Perhaps no one player signals the intent and focus of the Lakers this offseason than Wayne Ellington. After a miserable shooting performance in their one postseason round, the franchise shifted its focus from one end of the court to the other, trading in some of its elite defense for improvements on the offensive end.
Ellington wasn’t the only player signed this summer that indicates that change in philosophy, but as one of the league’s best 3-point specialists, he is one that highlights it the most. A former Laker early on in his career, Ellington’s game has evolved into a more singular focus on his long-range scoring.
In shifting that focus, Ellington has studied some of the elite shooters in the game’s history to improve various aspects of his game, including his off-ball movement.
“It’s always been something I’ve worked on my entire life, but as I’ve continued to evolve, my game has evolved and I’ve gotten to be a better shooter,” Ellington said during his introductory press conference. “That’s something that I’ve been really locked in and focused on. And I think that’s also something that I can bring to this team, that ability to run, to continue to move and run this way, understand how to drag the defense with me to open up spaces and gaps for the likes of Bron, Russ and AD, that’s all really important.
“Those things are just as important as making a three,” Ellington continued. “Some people don’t really realize that, but some of the guys I really watched and paid close attention to in terms of moving without the ball are Ray Allen, Rip Hamilton, Reggie Miller, those would be my top favorite guys, and I watched them and I tried to steal a lot from those guys and their games, and the way they move and the way they get open. The way they realized that if they faked this way and go that way it would drag the defense.
“You might not even be in the play, but you run your route hard and it opens up a lane over there for guys to get downhill. So all those little things that people don’t really realize is what I bring to the game and what I’m excited about, especially for this team.”
Much of the focus on the Lakers’ offseason has been a negative response to their age, but this type of mindset reveals an area where it could be a positive. Learning to sacrifice for the better of the team is not a common trait among young players when they first enter the league. However, veterans have learned firsthand the need to sacrifice. A willingness to do so has been a common theme among the Lakers this offseason.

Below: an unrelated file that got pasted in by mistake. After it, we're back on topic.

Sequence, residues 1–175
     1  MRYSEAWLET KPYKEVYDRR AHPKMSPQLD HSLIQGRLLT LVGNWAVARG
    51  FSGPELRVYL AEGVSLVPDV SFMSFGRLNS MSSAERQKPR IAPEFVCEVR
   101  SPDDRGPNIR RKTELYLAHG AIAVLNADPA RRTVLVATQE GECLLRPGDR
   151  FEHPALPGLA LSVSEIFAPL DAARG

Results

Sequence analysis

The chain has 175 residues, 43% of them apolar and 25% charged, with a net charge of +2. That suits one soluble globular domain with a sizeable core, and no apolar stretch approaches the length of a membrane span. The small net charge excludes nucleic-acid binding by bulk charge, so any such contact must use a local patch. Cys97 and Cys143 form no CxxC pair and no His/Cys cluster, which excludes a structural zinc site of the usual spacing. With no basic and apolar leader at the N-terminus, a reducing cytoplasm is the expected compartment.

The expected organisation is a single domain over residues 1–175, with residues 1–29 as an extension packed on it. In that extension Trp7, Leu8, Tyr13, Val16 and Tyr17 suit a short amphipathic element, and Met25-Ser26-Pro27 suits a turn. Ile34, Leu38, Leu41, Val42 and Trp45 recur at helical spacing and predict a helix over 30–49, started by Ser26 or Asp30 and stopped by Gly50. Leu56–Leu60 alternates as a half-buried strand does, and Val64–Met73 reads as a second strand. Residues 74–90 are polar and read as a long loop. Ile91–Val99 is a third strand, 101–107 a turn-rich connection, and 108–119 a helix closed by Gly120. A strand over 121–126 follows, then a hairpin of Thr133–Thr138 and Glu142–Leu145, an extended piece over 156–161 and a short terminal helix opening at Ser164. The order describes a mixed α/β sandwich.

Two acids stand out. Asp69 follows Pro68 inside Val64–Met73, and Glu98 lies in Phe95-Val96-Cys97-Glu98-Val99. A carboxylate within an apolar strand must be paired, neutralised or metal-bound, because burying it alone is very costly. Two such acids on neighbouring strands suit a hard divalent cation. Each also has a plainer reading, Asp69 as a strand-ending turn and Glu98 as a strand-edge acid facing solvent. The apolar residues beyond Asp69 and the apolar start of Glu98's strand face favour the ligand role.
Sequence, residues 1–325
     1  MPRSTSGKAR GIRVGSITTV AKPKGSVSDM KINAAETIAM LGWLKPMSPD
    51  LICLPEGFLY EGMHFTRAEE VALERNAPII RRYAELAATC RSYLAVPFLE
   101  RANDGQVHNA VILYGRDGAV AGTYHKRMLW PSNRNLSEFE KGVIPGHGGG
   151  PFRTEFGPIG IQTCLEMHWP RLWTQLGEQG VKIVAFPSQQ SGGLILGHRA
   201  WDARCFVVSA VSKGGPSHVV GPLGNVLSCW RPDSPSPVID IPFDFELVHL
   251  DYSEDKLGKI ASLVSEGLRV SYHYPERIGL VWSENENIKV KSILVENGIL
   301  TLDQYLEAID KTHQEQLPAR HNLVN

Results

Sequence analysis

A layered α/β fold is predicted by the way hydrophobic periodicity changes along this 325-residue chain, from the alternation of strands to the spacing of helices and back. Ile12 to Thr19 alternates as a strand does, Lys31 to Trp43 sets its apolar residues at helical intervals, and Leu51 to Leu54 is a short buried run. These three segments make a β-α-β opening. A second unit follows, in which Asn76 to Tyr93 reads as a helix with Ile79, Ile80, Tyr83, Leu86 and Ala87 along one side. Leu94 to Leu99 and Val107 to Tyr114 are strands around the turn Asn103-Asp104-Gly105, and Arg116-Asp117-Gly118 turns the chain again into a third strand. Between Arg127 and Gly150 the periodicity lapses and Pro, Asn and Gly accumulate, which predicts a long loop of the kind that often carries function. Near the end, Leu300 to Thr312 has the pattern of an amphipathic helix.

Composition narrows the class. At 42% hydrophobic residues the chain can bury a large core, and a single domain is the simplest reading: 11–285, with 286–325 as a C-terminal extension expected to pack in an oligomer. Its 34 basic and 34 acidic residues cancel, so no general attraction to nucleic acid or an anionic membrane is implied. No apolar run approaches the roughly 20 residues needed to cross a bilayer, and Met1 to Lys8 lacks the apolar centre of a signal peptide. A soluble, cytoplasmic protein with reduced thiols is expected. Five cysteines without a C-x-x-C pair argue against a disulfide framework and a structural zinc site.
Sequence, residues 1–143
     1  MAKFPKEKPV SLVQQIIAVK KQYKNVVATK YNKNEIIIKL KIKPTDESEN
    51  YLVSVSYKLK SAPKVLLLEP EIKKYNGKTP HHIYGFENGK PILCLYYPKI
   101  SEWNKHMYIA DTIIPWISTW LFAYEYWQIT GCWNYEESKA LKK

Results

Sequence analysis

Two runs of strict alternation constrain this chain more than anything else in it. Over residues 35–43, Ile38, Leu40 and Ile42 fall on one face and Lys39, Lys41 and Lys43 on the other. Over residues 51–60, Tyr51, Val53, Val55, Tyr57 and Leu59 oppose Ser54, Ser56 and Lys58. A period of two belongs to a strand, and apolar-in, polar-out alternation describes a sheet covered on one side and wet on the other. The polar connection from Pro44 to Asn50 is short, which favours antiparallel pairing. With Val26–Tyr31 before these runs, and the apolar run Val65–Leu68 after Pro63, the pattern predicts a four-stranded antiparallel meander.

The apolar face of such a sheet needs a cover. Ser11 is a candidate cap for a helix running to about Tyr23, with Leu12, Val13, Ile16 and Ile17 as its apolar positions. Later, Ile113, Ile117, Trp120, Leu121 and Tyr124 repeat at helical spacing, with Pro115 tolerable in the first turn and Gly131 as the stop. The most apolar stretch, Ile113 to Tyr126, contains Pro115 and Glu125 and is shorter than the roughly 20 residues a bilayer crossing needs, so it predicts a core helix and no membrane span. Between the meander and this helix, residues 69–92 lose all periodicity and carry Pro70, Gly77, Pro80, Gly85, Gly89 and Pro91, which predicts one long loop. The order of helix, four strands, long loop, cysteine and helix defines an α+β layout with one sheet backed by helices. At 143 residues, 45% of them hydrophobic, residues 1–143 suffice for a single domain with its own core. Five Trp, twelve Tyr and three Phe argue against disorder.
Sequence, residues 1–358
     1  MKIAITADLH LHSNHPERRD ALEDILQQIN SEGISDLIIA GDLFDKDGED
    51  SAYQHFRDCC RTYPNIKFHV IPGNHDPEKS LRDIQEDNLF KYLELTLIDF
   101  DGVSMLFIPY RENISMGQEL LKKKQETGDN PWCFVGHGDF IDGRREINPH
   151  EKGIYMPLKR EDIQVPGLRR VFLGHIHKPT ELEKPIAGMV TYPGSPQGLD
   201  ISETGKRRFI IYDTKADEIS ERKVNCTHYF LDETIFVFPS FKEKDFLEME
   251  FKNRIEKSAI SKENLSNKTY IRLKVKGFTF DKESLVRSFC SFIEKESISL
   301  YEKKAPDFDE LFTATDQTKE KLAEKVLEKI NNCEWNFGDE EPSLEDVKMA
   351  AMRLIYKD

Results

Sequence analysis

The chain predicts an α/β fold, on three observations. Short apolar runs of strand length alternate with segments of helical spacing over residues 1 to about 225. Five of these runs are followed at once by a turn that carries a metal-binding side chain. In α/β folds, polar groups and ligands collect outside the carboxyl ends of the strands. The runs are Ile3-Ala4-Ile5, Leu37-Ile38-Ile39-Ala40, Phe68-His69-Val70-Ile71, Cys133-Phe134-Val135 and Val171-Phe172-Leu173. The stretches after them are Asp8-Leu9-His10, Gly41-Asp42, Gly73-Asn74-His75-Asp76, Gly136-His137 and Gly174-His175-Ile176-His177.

While offense has become more of a focus this summer, the team won’t completely abandon their defensive principles, especially with a defense-first head coach in Frank Vogel. Ellington spoke on the importance of defense being a baseline for a team with title aspirations and how he complements the current roster of players.
“Obviously defense is what wins championships at the end of the day,” Ellington said, “and when you’ve got the length, and the size and the athleticism that this team has, it will be easy to defend. You’ve got help all over the court. You’ve got guys with experience that know how to communicate and talk to each other... and then you’ve got forces like Dwight and AD back there swatting stuff around.
“So that will be something where we’ll all be able to complement each other, and as far as threes, I think it’s needed and necessary. Three-point shooting is at a premium in the league right now. You’ve got all these guys that are attackers that can get into the paint that create so much attention, you’ve got to have a guy like myself to kick it out to, to spread the floor and move the defense and keep guys honest. So I feel like my game and that 3-point shooting complements this team very well.”
Last season, Ellington shot 41.9% from the 3-point line, one of the best seasons of his career. For a Laker team that can create open 3-point looks based on the attention drawn by LeBron James and Anthony Davis, Ellington’s proficiency will become even more appealing.
On open looks with Detroit last year, Ellington shot 48-for-117 (41%) while shooting 36-of-80 (45%). He will certainly have many open looks this season, some created through his years of diligent work studying some of the greats and some as a result of playing with three superstars. However they come, though, Ellington’s arrival helps signal a change in approach for the Lakers this summer.